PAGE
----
McConville, initially a forward, made his debut as a teenager for the club in 1964 and, after spells with Waterford, Shamrock Rovers, Bangor and then summers away playing in the NASL for clubs in Washington and New York, lined out for the Oriel Park outfit for the last time at the age of 40.
He won his first league title with Waterford in 1973, but apparently fell irrevocably out with the club after discovering that the board had turned down an offer for him from Manchester United, demanding a fee that deterred the English side.
Soon afterwards, he left for Shamrock Rovers.
McConville was synonymous with Dundalk and starred for the club over a 21-year period, making a record 580 appearances.It was back with Dundalk that he, and the local fans, enjoyed his best years, and the player was a key figure in teams that won three league titles, three FAI cups and many other honours.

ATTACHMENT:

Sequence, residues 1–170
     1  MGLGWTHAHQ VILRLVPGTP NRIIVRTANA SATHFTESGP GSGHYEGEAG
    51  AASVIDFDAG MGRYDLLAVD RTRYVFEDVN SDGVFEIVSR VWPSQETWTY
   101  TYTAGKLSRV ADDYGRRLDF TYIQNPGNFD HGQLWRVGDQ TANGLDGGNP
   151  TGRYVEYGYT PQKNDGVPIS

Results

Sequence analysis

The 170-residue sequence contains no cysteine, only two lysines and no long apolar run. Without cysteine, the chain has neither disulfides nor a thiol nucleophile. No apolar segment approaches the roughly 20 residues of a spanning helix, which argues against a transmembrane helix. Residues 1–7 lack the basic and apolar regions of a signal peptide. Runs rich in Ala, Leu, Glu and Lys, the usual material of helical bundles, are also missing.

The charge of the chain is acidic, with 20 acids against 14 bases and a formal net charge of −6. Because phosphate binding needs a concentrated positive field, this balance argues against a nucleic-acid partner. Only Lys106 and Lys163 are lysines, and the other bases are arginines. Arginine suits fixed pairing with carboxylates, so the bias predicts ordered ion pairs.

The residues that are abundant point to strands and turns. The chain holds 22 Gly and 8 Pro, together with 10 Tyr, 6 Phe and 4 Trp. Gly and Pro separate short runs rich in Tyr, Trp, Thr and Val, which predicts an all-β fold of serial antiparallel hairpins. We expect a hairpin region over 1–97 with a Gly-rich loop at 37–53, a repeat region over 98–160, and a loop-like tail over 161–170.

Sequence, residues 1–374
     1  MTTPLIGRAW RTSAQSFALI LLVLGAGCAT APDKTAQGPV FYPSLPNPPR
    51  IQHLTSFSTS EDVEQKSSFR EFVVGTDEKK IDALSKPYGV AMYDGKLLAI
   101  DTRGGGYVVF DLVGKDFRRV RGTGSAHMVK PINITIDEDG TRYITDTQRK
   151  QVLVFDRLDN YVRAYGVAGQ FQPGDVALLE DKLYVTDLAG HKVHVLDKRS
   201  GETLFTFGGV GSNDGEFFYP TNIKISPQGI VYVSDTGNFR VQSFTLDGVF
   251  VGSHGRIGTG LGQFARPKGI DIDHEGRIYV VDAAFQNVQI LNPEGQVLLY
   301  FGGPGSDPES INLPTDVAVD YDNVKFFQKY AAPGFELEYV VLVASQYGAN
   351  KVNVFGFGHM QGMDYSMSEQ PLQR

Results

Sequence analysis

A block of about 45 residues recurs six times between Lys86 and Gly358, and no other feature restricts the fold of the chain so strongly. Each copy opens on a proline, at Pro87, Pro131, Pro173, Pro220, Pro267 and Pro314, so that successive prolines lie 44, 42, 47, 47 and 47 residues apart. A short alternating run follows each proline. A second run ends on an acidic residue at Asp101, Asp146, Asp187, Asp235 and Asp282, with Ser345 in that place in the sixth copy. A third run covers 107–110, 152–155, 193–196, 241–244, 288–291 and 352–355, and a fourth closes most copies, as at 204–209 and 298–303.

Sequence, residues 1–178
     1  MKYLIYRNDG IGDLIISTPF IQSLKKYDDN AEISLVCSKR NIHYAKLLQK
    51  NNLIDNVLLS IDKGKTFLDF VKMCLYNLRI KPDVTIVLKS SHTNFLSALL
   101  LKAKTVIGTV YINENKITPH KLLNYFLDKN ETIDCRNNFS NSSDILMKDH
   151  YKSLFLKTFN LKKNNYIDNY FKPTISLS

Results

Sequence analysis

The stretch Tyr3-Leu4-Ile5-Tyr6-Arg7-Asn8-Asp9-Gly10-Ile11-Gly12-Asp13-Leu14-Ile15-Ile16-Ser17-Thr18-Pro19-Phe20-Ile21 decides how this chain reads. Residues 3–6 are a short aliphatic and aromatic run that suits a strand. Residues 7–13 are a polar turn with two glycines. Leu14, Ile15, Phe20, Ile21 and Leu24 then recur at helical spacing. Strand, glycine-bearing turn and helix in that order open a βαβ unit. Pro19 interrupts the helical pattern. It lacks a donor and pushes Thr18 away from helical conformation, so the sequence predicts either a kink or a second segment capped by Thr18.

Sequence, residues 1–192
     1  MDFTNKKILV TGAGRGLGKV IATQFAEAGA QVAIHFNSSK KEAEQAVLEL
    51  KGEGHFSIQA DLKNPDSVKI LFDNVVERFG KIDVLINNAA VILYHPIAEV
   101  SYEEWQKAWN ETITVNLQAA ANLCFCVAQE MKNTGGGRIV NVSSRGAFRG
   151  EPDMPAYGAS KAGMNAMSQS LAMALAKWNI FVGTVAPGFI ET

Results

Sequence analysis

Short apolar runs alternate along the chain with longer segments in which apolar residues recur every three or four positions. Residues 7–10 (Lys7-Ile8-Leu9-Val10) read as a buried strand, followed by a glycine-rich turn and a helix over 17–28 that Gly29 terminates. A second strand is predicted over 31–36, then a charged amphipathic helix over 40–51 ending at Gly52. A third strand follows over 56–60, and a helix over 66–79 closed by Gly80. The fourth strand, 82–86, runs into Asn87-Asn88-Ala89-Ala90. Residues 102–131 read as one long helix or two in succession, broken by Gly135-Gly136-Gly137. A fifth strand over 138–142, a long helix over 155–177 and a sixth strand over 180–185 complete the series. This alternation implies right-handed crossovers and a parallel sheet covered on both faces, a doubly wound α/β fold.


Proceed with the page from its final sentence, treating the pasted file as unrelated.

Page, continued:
He played in many of the club’s greatest ever European ties too and was forever being reminded about the last minute “miss” against Celtic that would have put the Scottish champions out of the European Cup and the Irish team into the quarter-finals: he invariably dealt with the subject with characteristic warmth and good humour.
“For Dundalk supporters Tommy ‘Mac’ was the best League of Ireland defender of his era,” says club historian Jim Murphy speaking to the Irish Times in tribute to him. “For many of them he has never been bettered. His hallmarks as a defender, whether at centre or wing-back, were astute reading of the game, intuitive anticipation, natural athleticism — brute force was not for Tommy — and thanks to his ball playing style and majestic elegance, he stood out wherever he played, whether in the League of Ireland or in the major stadiums of Europe, or North and South America.”
McConville also won six international caps for the Republic of Ireland between 1971 and 1973.